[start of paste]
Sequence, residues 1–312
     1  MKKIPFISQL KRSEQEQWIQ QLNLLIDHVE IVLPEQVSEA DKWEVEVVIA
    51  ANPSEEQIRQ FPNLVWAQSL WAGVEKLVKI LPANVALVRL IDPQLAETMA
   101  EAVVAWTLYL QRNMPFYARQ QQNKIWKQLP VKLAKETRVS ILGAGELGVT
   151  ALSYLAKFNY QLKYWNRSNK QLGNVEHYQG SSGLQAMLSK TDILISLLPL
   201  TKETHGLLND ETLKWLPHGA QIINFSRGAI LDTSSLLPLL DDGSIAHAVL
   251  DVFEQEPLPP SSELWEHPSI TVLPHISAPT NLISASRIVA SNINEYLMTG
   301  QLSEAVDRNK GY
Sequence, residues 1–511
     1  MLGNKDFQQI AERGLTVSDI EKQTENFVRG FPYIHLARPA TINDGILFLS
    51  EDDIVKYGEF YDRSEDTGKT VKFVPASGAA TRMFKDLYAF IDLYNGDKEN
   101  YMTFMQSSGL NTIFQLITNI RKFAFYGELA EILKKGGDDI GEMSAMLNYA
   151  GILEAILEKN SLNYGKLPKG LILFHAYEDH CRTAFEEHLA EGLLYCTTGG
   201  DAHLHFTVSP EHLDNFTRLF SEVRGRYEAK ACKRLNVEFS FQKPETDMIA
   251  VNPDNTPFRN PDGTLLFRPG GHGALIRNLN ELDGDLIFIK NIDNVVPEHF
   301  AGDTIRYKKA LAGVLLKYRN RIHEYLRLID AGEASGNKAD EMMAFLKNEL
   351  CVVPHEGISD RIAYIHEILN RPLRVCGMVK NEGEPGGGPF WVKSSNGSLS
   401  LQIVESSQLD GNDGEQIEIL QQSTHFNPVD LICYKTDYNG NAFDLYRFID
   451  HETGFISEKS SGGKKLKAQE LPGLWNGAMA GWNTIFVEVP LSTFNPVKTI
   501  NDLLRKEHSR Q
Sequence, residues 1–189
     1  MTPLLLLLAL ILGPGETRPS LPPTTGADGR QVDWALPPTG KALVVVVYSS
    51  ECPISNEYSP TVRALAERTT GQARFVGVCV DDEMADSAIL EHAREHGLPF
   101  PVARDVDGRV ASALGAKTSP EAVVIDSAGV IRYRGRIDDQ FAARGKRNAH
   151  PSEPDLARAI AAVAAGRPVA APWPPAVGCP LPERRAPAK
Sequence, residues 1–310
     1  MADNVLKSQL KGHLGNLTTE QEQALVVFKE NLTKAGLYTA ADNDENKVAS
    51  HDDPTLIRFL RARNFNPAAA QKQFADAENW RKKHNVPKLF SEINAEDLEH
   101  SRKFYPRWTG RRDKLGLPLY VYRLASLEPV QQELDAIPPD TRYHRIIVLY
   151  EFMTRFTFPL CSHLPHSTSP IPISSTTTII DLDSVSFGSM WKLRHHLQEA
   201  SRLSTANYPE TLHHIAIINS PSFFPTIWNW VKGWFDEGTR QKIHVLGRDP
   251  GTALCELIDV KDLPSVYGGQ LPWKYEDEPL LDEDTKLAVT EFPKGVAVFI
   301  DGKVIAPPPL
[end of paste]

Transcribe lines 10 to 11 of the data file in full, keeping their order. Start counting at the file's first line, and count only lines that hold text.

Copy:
     1  MLGNKDFQQI AERGLTVSDI EKQTENFVRG FPYIHLARPA TINDGILFLS
    51  EDDIVKYGEF YDRSEDTGKT VKFVPASGAA TRMFKDLYAF IDLYNGDKEN